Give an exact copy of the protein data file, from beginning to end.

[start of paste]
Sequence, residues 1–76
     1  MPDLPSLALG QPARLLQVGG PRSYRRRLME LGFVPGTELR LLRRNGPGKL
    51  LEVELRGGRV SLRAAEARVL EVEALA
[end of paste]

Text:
Sequence, residues 1–76
     1  MPDLPSLALG QPARLLQVGG PRSYRRRLME LGFVPGTELR LLRRNGPGKL
    51  LEVELRGGRV SLRAAEARVL EVEALA